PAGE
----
Sep 13, 2012, 2:39 PM EDT
Tom Sims was only 12 when, frustrated with having to hang up his skateboard during the winter months, he headed to woodshop class and invented the first true snowboard. Yep, the modern snowboard was invented by a seventh-grader in 1963, and Sims went on to actually move to the West Coast and become one of the great skateboarding/snowboarding pioneers.
Sims died on Wednesday of a heart attack, and the action sports world is mourning pretty hard right now. In truth, we all feel it when an innovator and free spirit like this is taken from us. ESPN:
“He was definitely the innovator of what snowboarding is today, and his legacy and contributions will be forever remembered and widely embraced,” Steve Fisher, a former Sims Snowboards team rider and two-time Winter X Games SuperPipe gold medalist, told ESPN.com. “What he stood for and what he did for the culture of action sports is so great that it should never go unrecognized or forgotten. He’s a true pioneer.”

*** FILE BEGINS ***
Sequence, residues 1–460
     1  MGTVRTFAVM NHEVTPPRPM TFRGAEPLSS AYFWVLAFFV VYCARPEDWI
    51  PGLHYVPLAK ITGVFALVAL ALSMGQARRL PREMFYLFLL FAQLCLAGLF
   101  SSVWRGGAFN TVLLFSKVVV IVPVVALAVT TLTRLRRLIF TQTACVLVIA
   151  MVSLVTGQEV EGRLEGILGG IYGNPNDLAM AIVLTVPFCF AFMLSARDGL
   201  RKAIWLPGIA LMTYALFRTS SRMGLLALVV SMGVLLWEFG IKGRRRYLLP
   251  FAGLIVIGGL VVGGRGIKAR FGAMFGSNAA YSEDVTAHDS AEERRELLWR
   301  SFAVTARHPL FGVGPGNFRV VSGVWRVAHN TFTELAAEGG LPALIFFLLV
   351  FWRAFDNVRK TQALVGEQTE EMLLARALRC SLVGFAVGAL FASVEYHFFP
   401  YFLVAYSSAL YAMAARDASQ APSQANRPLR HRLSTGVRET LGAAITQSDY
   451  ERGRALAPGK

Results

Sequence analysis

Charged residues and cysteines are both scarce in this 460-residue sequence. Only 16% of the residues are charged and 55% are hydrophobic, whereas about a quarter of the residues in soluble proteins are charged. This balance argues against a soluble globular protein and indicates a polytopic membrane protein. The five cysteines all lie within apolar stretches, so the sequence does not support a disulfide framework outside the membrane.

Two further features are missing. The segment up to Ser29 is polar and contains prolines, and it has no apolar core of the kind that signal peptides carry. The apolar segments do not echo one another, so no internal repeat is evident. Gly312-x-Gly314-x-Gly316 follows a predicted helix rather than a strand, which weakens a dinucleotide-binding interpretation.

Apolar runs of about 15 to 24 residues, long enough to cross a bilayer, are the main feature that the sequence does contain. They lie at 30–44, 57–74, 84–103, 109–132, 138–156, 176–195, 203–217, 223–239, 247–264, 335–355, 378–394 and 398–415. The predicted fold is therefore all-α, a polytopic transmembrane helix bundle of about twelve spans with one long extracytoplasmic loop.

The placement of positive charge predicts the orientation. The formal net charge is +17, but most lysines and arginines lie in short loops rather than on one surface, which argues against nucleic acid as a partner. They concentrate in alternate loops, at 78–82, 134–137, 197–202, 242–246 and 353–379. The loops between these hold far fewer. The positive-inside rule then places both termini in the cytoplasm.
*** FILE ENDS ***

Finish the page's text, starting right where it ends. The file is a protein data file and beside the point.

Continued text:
Sims, 62, was the founder of Sims Snowboards and Sims Skateboards. He was World Snowboarding Champion in 1983 and World Champion Skateboarder in 1975. Among his innovations were development of the first snowboarding Half Pipe (created at North Lake Tahoe in an old garbage dump), the first metal edge snowboard and the first skateboarding longboards. According to South Tahoe Now.com, he was the primary stunt double for Roger Moore in the 1985 James Bond movie A View to a Kill.
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